The 1,842m-long, four-lane bridge on the E-18 highway, Norway, is the fourth bridge across the Drammen River. The new hollow-box girder bridge, as part of the extensive road-widening programme in and around Drammen, was built next to the existing Drammen Bridge and was open to the public by December 2006.

The total value of the project is estimated at NOK874m ($78,676,905) and the construction works for the new bridge began in December 2004.

The main objective of the new bridge project was to ease the traffic congestion on the existing two-lane bridge connecting Oslo and the surrounding areas along the coast. The State Public Road Administration has also expanded the E-18 motorway bridge from two lanes to four lanes. Around 22,000 vehicles use the bridge every day and this is the only way to connect Oslo with surrounding areas.


The project was divided into two phases; the first phase was the construction of the new bridge alongside the existing bridge, the second has focused on upgrading the existing bridge. The ongoing construction of the new bridge did not disrupt the E-18 traffic during the project.

“Around 22,000 vehicles use the bridge every day and this is the only way to connect Oslo with surrounding areas.”

The new bridge was open to traffic in December 2006; upgrade works on the existing bridge then got underway.

As part of the upgrade plan of the existing bridge, circular columns replaced the original rectangular columns and an aluminium bridge façade enclosure consisting of aluminium sandwich plates in a steel grid supplied by Alcubond was fitted to the underside of both bridge super structures. This was done to match the design of the new bridge with the old and make them appear as a single structure.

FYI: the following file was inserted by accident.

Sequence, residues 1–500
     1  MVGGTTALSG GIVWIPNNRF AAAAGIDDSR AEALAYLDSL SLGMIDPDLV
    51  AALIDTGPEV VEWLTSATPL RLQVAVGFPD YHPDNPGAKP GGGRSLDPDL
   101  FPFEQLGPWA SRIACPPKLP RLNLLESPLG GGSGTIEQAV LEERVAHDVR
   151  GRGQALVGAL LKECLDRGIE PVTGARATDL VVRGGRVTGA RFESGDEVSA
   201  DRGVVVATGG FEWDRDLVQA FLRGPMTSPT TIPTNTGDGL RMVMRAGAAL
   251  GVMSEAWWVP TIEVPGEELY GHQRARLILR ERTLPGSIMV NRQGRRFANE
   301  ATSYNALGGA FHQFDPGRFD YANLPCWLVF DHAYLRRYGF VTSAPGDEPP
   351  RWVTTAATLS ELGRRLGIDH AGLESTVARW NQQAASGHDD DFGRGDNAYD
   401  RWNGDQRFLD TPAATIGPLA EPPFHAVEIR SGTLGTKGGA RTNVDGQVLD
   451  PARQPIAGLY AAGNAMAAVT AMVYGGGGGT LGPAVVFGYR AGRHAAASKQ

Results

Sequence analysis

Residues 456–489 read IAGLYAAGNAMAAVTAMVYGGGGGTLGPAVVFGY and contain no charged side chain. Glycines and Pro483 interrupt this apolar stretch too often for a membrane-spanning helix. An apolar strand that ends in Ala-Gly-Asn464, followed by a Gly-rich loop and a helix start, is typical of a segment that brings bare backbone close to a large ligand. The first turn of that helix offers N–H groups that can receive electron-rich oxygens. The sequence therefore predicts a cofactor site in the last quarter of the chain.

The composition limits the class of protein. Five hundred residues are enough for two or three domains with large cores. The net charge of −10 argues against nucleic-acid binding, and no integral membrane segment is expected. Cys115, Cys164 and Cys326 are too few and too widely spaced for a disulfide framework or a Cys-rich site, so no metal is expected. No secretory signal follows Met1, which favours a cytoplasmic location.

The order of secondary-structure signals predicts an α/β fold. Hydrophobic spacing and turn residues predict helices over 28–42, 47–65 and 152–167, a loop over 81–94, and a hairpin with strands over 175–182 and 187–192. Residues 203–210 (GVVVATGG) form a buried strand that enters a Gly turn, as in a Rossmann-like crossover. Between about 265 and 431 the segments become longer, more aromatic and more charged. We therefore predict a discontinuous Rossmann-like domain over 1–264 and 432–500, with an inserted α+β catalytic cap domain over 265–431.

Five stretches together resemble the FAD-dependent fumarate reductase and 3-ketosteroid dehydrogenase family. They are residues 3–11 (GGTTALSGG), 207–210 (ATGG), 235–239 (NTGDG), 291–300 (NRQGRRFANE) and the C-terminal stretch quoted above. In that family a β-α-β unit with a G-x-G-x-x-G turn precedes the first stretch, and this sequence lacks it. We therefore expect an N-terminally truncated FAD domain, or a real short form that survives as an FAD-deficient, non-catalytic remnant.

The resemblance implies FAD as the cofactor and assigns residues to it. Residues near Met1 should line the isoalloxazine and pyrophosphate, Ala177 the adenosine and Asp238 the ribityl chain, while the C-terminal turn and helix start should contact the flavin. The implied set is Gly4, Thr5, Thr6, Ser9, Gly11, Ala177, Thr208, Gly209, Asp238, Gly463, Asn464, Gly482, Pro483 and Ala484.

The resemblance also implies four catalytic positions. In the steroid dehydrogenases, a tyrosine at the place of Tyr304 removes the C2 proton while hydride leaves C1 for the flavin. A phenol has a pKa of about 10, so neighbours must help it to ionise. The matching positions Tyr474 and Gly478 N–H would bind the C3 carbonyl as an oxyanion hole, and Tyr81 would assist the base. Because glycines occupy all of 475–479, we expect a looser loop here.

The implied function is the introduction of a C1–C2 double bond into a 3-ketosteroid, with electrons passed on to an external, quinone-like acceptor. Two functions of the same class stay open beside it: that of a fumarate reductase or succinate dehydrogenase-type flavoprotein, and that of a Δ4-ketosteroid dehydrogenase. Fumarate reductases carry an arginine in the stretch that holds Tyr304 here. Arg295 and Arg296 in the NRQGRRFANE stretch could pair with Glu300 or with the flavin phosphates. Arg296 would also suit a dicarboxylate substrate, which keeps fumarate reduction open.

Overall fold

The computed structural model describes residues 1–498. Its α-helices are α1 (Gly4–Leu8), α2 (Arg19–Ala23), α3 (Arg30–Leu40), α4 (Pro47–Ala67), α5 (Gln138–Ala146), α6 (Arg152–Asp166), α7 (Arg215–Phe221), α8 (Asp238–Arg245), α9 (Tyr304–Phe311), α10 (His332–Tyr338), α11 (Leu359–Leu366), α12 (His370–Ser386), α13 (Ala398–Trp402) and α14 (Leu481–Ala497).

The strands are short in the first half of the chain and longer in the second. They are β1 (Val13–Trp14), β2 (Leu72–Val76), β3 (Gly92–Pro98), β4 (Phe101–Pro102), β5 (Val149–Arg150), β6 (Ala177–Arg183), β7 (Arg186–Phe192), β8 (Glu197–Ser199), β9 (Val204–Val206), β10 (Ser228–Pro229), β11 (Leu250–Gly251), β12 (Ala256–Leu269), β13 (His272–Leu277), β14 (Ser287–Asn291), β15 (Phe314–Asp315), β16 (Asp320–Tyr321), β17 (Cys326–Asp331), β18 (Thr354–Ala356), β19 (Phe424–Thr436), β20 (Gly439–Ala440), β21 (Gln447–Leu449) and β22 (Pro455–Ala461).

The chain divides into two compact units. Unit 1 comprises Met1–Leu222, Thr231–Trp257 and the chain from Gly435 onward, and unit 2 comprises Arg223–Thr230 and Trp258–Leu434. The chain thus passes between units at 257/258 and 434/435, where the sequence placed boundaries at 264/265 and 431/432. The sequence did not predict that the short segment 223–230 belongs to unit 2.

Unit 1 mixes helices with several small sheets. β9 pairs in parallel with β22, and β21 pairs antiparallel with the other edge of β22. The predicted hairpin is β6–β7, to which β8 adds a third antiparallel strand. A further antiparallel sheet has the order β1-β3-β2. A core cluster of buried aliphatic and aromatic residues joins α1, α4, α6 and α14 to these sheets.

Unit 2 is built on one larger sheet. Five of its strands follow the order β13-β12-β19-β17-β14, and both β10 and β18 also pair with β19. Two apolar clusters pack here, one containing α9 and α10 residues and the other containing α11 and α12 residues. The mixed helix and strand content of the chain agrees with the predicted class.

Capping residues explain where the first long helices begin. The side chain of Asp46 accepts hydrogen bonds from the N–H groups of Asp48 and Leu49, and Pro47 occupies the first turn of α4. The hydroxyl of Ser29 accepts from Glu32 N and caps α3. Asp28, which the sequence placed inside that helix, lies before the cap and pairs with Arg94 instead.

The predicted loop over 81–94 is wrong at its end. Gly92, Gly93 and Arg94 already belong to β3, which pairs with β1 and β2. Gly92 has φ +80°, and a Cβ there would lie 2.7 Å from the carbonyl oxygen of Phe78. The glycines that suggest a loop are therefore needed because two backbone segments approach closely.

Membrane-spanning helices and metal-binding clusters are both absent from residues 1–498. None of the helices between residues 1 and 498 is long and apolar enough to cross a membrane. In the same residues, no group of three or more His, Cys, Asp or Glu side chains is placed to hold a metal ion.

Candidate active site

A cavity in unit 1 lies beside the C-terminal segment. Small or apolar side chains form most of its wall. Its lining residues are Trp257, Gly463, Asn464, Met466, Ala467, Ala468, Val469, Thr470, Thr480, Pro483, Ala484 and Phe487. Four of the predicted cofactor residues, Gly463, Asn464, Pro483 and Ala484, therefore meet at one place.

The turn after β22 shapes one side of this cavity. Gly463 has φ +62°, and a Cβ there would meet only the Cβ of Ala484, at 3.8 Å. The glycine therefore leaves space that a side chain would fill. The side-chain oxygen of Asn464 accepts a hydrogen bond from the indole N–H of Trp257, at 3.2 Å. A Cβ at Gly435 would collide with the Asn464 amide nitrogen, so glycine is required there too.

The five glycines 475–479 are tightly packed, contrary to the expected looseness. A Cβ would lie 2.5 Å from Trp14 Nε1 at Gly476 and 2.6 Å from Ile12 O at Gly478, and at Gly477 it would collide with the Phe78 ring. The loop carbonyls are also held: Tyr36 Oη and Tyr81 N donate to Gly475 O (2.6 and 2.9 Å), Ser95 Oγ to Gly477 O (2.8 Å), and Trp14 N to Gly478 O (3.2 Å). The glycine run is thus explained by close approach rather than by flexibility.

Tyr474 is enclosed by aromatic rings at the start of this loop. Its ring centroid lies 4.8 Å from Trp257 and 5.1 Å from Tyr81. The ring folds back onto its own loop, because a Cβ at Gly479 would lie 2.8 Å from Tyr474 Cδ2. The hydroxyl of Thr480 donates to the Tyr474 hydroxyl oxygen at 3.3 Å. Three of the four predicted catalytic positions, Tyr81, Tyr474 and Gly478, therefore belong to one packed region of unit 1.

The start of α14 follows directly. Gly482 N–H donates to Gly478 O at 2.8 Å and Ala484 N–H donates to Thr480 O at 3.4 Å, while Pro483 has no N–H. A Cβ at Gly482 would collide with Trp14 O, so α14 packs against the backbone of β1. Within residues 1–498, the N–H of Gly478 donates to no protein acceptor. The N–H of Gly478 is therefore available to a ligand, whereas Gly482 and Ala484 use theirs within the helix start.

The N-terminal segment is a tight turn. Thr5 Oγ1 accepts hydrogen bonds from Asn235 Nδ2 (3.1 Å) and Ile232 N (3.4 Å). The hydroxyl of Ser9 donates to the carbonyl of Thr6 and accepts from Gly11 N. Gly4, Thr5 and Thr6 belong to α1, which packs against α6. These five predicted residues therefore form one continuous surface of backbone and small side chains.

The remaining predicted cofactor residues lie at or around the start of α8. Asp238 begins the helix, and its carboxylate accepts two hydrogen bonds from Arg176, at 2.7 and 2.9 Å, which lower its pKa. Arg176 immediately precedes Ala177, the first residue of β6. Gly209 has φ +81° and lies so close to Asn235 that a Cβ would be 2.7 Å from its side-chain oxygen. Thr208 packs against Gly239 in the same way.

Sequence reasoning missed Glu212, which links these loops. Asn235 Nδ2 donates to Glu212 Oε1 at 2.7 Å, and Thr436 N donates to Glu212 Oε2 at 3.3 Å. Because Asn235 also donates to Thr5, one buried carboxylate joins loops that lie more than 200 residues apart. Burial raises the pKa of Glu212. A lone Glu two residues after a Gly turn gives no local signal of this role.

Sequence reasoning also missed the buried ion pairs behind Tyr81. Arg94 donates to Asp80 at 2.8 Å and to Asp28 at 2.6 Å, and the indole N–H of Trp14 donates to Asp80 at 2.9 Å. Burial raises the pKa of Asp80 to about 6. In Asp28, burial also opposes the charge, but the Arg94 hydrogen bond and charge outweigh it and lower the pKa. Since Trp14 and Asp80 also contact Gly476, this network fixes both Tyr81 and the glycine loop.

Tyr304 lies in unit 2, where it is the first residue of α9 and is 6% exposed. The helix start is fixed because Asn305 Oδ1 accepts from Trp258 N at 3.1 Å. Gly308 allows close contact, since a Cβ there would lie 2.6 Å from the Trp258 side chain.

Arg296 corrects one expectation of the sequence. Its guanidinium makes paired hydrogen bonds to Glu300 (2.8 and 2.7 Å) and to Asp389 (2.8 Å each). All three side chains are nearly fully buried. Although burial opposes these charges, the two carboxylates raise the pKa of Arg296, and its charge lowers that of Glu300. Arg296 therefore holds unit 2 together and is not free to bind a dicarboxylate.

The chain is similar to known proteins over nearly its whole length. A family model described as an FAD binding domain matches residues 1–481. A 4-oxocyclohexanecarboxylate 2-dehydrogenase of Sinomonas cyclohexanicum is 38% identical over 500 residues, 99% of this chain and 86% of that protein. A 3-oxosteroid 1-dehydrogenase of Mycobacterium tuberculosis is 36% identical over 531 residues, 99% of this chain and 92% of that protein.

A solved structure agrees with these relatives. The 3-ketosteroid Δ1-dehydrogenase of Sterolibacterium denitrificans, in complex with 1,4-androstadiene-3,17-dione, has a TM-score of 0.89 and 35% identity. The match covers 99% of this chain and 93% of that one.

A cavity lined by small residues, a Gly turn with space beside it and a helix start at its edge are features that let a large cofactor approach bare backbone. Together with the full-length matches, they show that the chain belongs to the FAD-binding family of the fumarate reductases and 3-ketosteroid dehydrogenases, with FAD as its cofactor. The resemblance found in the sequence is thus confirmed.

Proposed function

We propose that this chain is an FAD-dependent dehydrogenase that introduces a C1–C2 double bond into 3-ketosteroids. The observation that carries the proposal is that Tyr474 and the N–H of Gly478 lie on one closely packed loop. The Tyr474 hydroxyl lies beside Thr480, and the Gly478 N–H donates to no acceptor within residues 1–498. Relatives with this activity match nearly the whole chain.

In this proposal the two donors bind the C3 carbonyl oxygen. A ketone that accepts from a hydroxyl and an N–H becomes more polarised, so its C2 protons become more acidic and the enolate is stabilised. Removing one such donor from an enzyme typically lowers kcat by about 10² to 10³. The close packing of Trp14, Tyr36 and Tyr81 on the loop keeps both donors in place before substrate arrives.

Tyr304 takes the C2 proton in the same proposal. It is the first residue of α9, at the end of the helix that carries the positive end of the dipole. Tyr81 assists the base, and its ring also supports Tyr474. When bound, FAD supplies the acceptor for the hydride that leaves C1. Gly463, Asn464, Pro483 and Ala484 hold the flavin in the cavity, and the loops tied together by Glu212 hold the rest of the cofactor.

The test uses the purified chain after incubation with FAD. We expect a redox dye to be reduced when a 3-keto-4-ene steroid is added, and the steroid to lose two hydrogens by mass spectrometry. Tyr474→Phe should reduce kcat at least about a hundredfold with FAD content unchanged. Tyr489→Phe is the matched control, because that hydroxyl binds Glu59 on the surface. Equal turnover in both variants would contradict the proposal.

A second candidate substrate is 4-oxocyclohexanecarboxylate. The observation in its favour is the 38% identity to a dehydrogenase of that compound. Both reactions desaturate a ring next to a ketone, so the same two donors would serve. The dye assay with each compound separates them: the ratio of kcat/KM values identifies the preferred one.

The underside also had a lighting system fitted so that the bridge could be seen from the river. The new panelling covers the whole width of both bridges, the gap in between and a total length of more than 1,700m (42,000m²).

The parks, footpaths and surrounding infrastructure were refurbished in the final stages of the project and this was completed in September 2007.


The Norwegian government financed the project and awarded the foundation contract to NCC and construction contact to Skanska. Arkitektskap AS was responsible for the architectural design and Aas-Jakobsen for the structural design for the bridge.


The estimated investments on the foundation work and the construction work were NOK108.2m and NOK435.6m respectively. About NOK60m was spent on upgrade of the approach roads and NOK30m for miscellaneous works. Another NOK150m was spent on the aluminium sheet encasing and new pier columns on the old bridge.


“The new bridge was open to traffic in December 2006; upgrade works on the existing bridge then got underway.”

The new bridge has 42 spans of 20m to 60m. The pier columns were built in a circular cross-section of Ø2m. The variations in span lengths were planned to accommodate the bridge to the existing infrastructure. Of the total spans, the major 36 spans have single, circular columns. The maximum clearance to the water is 11m.

The new and existing bridges now appear as a single structure. The deck structures of the new and old bridges are equal in design except for a small variation in the lower inside of the box girder of the new bridge.

Standing 0.6m apart, the two bridges have similar concrete side beams, railings, noise shielding and aluminium sheet covering encasing the underside.

During the construction, a Movable Shuttering System (MSS) was used to carry the separate spans. A movable steel box-girder was positioned above the bridge deck-span and formwork was suspended from the steel girders by threaded steel rods to avoid unwanted deflections.


NCC carried out the foundation, engineering and concrete contract. The concrete structures were made up of cast-in-ground steel pillars. NCC also built all the necessary overtaking ramps. A total of 41 foundations were planned, of which 11 were underwater and 30 on land.

Five different types of piles will support the bridge and each type of pile is placed in a group designed to take the actual load on each pier foundation. Every pile group was capped by a concrete foundation at ground level and in the river. The pile caps are underwater with a plinth rising to the surface.